US President Donald Trump has described his first 100 days in office as an “incredible journey” during a speech at a rally in the state of Pennsylvania.
He used the same speech on Saturday to attack the news media and praise his own accomplishments.
Delivering the speech to supporters at the Harrisburg rally, which he had chosen to attend over the black-tie gala White House Correspondents’ Dinner in Washington, DC, Trump began by launching a fresh attack on the news media.
“A large group of Hollywood actors and Washington media are consoling themselves in a hotel ballroom in our nation’s capital right now,” he said.
“Media outlets like CNN and MSNBC are fake news … and they would love to be with us here tonight, but they’re trapped at the [White House Correspondents’] dinner which will be very very boring.”
Trump is the first president in 36 years to not attend the annual tradition at which White House officials mingle with members of the press corps and Hollywood celebrities.
Trump, however, said he was “thrilled to be more than 100 miles from Washington” to discuss the “great journey” of his first 100 days in office.
Pennsylvania was critical to Trump’s victory. He won the state with 48 percent of the vote, the first time the state had voted for a Republican presidential candidate since George HW Bush in 1988.
Trump said some of his achievements during this phase of his term were the appointment of Neil Gorsuch to the Supreme Court, the decision to withdraw from the Trans-Pacific Partnership (TPP) trade deal and ending offshoring to “bring back American jobs”.
“The TPP would have been a tremendous disaster for our country,” he said.
Trump also used the speech to hint that the US was planning to withdraw from the Paris climate change agreement.
“I’ll be making a big decision on the Paris accord over the next two weeks, and we’ll see what happens,” he said.
Meanwhile, several thousand people marched from the Capitol to the White House in Washington, DC in protest against the Trump administration’s energy policy.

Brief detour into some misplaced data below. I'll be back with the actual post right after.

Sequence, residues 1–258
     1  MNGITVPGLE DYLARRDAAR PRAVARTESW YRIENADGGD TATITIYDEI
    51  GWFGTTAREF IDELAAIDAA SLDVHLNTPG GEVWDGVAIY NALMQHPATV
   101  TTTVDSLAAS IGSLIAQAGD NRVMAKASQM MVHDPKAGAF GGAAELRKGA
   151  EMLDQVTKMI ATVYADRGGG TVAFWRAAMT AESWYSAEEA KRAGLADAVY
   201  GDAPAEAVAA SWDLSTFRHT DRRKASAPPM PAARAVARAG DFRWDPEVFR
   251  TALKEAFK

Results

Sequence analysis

According to the organisers, similar protests were taking place in 300 towns and cities across the country.
At the 100-day mark, opinion polls show that Trump’s supporters during the campaign remain largely loyal.
Though the White House created a website lauding its accomplishments of the first 100 days, Trump has tried to play down the importance of the marker.
“It’s a false standard, 100 days,” Trump said while signing an executive order on Friday, “but I have to tell you, I don’t think anybody has done what we’ve been able to do in 100 days, so we’re very happy.”
Trump is turning to what he is describing as the nation’s biggest tax cut. It apparently falls short of Reagan’s in 1981, and tax experts are sceptical that the plan would pay for itself.
The economy, so far, has been Trump’s ally. Polls show that Americans feel slightly better about his job performance on that subject than his job performance overall.
The Correspondents’ Dinner this year had fewer Hollywood celebrities in attendance. Television networks even invited behind-the-scenes employees.
White House reporters noted seeing more colleagues in the room than in recent years.
Organisers said they were focusing on the main purpose of the dinner, honouring journalists for their work and awarding scholarships to students.
Bob Woodward, the veteran Washington Post journalist who with Carl Bernstein broke the Watergate scandal in 1972, addressed Trump’s criticism of the media.
“Mr President: The media is not fake news,” Woodward said.
Addressing fellow journalists, he said: “Whatever the climate, we should and must persist and I believe we will.”
Traditionally the US president holds a humorous speech at the event in which he pokes fun at the media, politicians and even himself, and a hired comedian also mocks the president.
“We are here to celebrate the press, not the presidency,” Jeff Mason, the White House Correspondents’ Association president, said.